The bold, visionary change needed to bring a new world economy into being will never arise from such feckless and fatalistic acceptance of government as it is currently practiced. As far as I can tell, governments are more responsible than anyone for the ecological harm that has been wrought on planet Earth. It is governments, after all, who subsidize Big Oil and pay people to destroy fisheries and mow down rainforests. Private interests, of course, could still accomplish these things, but not so quickly or so completely as when they receive government handouts to do so. Canada would still have a cod fishery if its government had not paid people to extirpate it. The idea that the Stephen Harper government in Canada might lead us toward a more ecologically responsible economics would make me laugh if it didn’t fill me with such bleak hopelessness. Our governments rule us; they don’t lead us. Our leaders–that is, the people we spontaneously wish to follow–will have to come from the grass roots.

This book was at its best and most interesting when the author was at his most wonkish. He spends time discussing GDP and the equations with which it’s calculated. But although I found this interesting and informative, I don’t think that a bold new “prosperity”-based economics can emerge from such technical futzing. “Maybe if we can tweak these equations a bit . . .”

My overall impression is that, although the author talks about vision, he sees and treats the question of changing the economic basis of our society as a technical one, to be solved ultimately by academics and bureaucrats. Even the attitudes of us consumers, which, according to the author, must fundamentally change, are really the responsibility of those same bureaucrats, who must construct the institutions and incentives that will cause the livestock, oops, citizens, to behave in the right way. Mr. Jackson sees a more thoroughly socialist society–one in which the evils of “capitalism”, with its promotion of “consumerism” via an unpleasant thing called “novelty”, have been overcome–as the most likely means of getting to the sustainable Earth we need to live on. In this view, a benign dictator or a benign oligarchy will shepherd us to the Promised Land of a prosperous, sustainable, socially leveled Earth.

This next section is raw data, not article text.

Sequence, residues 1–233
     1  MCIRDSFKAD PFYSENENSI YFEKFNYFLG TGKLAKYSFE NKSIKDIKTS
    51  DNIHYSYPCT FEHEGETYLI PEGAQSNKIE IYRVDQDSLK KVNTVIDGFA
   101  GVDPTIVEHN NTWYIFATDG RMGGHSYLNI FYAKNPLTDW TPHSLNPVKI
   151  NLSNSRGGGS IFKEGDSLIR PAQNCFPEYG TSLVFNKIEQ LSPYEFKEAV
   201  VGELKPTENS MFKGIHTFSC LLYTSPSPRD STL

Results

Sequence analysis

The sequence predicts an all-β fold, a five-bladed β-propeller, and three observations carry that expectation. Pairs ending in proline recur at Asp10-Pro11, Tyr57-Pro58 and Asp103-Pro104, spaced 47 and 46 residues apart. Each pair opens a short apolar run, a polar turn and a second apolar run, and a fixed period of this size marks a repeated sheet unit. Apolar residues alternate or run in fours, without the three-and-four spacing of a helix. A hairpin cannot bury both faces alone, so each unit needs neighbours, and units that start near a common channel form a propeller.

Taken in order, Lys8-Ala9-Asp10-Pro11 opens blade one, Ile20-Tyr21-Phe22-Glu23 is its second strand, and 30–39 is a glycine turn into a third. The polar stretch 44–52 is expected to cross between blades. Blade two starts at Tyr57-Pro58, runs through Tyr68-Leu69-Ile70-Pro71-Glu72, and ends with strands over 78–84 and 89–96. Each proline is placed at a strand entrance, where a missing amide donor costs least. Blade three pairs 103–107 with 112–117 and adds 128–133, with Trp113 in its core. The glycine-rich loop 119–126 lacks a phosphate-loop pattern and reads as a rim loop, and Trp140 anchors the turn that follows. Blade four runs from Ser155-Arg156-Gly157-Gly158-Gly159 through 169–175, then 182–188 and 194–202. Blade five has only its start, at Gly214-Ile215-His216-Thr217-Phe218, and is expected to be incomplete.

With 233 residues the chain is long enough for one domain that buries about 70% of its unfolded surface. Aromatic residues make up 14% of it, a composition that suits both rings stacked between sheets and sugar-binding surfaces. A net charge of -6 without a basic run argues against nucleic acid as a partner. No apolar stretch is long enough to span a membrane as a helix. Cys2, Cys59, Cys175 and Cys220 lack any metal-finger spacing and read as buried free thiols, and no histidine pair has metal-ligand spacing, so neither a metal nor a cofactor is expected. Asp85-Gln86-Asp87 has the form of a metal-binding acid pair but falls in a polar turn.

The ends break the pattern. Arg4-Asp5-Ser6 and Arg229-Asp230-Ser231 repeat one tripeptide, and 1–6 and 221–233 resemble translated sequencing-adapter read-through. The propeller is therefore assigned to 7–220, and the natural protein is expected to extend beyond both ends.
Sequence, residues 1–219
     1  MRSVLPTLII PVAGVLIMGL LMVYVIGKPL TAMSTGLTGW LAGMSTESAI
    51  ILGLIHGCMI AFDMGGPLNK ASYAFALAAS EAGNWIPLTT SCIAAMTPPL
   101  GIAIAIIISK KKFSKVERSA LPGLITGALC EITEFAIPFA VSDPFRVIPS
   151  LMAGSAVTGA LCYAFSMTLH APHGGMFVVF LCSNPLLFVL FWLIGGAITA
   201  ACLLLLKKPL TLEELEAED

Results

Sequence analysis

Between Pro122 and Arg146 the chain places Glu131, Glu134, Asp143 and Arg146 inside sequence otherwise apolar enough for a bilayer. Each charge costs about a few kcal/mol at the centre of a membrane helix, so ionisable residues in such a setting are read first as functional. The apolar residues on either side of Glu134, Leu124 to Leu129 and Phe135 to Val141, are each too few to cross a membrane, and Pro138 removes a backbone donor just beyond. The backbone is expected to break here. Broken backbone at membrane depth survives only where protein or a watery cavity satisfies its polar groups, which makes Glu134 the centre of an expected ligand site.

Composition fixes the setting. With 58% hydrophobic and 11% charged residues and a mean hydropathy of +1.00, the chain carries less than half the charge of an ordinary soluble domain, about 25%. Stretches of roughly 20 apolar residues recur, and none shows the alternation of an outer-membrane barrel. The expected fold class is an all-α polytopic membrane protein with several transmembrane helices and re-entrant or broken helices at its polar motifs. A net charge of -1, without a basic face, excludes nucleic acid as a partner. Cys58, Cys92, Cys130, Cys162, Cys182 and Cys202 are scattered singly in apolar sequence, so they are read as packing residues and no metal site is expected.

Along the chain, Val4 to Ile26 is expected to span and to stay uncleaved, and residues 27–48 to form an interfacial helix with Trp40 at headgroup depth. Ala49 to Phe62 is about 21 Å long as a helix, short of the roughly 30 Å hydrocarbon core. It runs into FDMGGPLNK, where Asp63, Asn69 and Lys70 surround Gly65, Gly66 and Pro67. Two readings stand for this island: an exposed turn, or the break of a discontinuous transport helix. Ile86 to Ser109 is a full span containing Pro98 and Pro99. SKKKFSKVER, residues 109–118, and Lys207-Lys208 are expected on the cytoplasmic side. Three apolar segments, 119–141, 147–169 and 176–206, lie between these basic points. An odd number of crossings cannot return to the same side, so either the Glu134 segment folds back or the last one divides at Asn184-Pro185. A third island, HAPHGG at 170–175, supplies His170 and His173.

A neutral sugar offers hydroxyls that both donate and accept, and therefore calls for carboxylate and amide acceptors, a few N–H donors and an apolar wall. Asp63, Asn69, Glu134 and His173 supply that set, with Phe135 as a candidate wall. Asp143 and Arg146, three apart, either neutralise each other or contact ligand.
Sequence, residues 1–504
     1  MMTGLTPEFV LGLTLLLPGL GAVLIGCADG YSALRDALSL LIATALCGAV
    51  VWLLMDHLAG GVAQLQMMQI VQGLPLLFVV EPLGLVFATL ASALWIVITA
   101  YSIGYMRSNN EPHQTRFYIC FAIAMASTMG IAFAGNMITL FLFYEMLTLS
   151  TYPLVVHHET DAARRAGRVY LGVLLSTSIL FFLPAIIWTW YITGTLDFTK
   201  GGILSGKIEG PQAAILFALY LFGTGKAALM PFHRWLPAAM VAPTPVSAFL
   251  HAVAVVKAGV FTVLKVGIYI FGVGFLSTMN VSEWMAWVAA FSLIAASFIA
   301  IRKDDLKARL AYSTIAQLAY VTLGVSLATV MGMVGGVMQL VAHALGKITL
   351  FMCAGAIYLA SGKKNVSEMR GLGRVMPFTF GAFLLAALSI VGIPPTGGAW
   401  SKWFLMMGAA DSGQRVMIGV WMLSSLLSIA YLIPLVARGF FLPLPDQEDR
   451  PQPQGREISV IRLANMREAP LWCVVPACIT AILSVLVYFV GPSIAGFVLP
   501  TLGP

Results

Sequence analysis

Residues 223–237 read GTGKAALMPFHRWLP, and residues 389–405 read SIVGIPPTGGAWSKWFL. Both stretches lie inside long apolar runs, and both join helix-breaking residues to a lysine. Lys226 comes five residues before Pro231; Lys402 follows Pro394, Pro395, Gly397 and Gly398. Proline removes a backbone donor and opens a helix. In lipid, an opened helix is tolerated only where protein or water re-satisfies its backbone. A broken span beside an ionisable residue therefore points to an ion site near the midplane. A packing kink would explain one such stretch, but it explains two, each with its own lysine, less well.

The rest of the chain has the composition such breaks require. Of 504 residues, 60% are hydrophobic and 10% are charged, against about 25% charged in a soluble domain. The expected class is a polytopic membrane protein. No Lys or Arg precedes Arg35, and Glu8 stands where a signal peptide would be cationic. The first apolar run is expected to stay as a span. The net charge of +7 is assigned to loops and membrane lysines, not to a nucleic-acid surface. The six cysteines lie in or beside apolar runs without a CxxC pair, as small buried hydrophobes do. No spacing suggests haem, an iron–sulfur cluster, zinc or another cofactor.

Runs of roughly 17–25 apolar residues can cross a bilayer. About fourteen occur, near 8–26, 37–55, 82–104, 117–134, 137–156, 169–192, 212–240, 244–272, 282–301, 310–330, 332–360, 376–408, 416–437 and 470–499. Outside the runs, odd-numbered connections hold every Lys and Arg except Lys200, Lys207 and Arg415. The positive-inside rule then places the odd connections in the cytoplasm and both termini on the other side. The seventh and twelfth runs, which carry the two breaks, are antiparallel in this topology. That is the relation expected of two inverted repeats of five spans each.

Of course the author does not say that–not in so many words. But to me it is the necessary implication of a world in which the state is even bigger than it is today. As though our real problem were a lack of right-thinking technocrats. And if people won’t stop their neurotic pursuit of “novelty”, they will have to be forced–won’t they?

Our future and our prosperity are not technical questions. They are questions of principle, of ideas; they are philosophical questions, and they need to be discussed at this level. We do need a new idea of prosperity, but that idea needs to be clear and definite, and it needs to be communicated with passion and conviction by men of vision and integrity–our future leaders, whoever and wherever they are. That was never the mission of this book, but this book could have been and should have been a stone for the sling of one of those leaders, and I’m afraid it just isn’t.
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5 of 6 people found the following review helpful
4.0 out of 5 stars A starting place. (More questions than answers), August 10, 2011
This review is from: Prosperity without Growth: Economics for a Finite Planet (Hardcover)
Clearly not intended to be an inspiring, easy, or "popular" book (esp. re: pop culture, mainstream readers), but more a critical analysis of a set of problems most people, many economists, and far too many politicians & business leaders are either unaware of or trying desperately to ignore, Prosperity Without Growth is an invaluable starting point for a broad social and political discussion we, humanity, need to begin seriously having - and acting upon.